By Tony Abbott
AUSTRALIA is a great country that needs a better government.
We need a government that's prudent with taxpayers' money, competent in delivering services and, above all, honest with people about what it will and won't deliver.
If elected this year, the Coalition will: * reduce the pressure on family budgets by abolishing the carbon tax; * boost jobs and investment by abolishing the mining tax;* reduce pressure on interest rates by cutting government debt; * boost productivity by cutting business red tape costs by at least $1 billion a year; * stop the boats by restoring the policies that worked under John Howard; * build modern infrastructure like Sydney's WestConnex, Melbourne's East-West Link, Brisbane's Gateway Motorway extension and a duplicated Pacific Highway; * keep more people working through a fair dinkum paid parental leave scheme that's a workplace entitlement, not a welfare one; * restore unemployed people's self-respect by revitalising work for the dole; * protect the environment and reduce emissions through direct action to plant more trees, improve soils and use smarter technology; * eliminate union corruption by restoring the Australian Building and Construction Commission and ensuring that union and company officials face the same penalties for the same crimes; * foster better public schools and hospitals through local boards that will make them more responsive to the people they serve; * build links with Asia through a new, two-way street version of the Colombo Plan; and* end the defence cuts which have reduced it to the lowest share of GDP since 1938.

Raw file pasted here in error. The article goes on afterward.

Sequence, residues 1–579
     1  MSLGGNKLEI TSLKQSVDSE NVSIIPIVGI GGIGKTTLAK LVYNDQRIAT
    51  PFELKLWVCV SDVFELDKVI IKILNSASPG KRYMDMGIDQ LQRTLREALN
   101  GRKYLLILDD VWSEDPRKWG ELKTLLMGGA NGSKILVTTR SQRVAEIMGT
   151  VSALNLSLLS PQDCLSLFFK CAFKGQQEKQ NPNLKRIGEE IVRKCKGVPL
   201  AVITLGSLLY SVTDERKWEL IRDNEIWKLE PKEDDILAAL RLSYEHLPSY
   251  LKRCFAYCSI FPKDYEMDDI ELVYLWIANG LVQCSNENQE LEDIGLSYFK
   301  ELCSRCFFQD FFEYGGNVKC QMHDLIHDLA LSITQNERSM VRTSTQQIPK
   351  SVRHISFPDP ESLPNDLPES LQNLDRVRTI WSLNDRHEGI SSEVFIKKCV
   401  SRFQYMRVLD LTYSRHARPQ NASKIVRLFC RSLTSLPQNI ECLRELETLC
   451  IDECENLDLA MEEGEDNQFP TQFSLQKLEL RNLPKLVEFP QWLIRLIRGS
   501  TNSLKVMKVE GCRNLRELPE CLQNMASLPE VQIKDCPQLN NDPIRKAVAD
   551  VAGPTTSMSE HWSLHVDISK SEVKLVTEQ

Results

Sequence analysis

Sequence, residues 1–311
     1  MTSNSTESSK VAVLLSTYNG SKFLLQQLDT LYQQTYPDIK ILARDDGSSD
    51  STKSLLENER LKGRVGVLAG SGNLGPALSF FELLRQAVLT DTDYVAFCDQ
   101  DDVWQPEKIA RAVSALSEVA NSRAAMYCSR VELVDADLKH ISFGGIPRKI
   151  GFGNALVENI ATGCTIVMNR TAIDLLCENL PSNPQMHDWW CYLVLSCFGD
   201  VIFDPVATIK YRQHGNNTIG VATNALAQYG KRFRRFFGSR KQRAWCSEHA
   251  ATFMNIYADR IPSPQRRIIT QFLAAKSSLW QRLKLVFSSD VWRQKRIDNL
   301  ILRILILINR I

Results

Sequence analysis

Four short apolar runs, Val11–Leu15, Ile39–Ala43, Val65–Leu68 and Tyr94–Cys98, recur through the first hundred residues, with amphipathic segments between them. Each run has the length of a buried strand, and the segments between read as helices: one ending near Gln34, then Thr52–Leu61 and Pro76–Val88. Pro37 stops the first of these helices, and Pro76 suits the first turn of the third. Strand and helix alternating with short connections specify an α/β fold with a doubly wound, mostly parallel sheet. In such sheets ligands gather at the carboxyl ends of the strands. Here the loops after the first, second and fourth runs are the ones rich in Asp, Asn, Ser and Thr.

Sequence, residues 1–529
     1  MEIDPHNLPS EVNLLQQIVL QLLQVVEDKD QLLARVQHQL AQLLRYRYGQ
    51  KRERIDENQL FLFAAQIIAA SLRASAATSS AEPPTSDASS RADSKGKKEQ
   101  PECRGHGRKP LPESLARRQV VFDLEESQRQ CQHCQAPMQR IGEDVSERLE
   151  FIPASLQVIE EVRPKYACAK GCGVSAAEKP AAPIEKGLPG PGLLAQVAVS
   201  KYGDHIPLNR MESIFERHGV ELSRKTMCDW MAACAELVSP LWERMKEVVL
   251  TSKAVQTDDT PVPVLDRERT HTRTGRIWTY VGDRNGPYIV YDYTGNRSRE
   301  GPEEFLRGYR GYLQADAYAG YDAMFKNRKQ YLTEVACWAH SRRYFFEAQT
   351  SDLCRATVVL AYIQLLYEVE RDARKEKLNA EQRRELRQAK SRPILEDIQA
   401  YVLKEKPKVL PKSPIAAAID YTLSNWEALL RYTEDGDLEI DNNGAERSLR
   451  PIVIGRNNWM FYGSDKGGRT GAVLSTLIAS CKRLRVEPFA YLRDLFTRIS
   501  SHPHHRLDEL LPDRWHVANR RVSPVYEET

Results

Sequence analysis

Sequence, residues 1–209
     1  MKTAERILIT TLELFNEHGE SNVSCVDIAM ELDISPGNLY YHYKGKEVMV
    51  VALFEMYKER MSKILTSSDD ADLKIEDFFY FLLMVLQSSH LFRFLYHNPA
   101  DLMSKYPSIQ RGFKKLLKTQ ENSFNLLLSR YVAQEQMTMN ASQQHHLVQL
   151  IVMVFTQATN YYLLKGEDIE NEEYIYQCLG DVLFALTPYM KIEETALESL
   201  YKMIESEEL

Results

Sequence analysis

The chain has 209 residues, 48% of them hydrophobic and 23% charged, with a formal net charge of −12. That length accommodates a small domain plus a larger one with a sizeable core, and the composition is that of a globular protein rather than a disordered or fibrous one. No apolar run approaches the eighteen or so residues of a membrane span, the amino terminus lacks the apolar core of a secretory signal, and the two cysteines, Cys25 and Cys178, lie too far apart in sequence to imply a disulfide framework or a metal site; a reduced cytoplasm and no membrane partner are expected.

This is the Coalition's positive plan to build a strong and prosperous economy for a safe and secure Australia.
My plan is for 2 million more jobs over the next decade.
The team I lead won't have to learn how to be a competent government because it has been one before.
Sixteen members of my shadow cabinet were ministers in a government that turned $96 billion of debt into $70 billion in assets and turned a $10 billion budget deficit into consistent 1 per cent of GDP surpluses.
If you want to know the prime minister I would be, ask your doctor to tell you how, as health minister, I fixed the medical indemnity crisis, introduced the Medicare Plus safety net, developed the Medicare dental scheme and mental health care plans, and put Herceptin on the PBS.
One of the doctors I worked with, former AMA president Bill Glasson, now wants to help me form a government by winning a parliamentary seat for the Coalition!
As a minister for nine years, I respect the professionalism of the public service.
In the longer term, though, we have to rely less on bureaucrats and put more trust in the common sense of the Australian people.
We need smaller, more efficient government if our country is to stop paying $20 million in interest alone every single day and avoid the fate of much of the Eurozone.
Margie and I know what it's like to wrestle with a mortgage, fight traffic jams, juggle school fees and health insurance premiums and shop around to beat prices that just keep going up and up.
We know how much love and commitment goes into sustaining the local organisations that make Australia the best country in the world.
As prime minister, I won't let people down by saying one thing and doing another.
After the election, people should be able to watch parliament with pride and confidence in our country.
My role will be to look for the best in people and encourage it.
My vision for Australia is that more of us will come closer to being our best selves.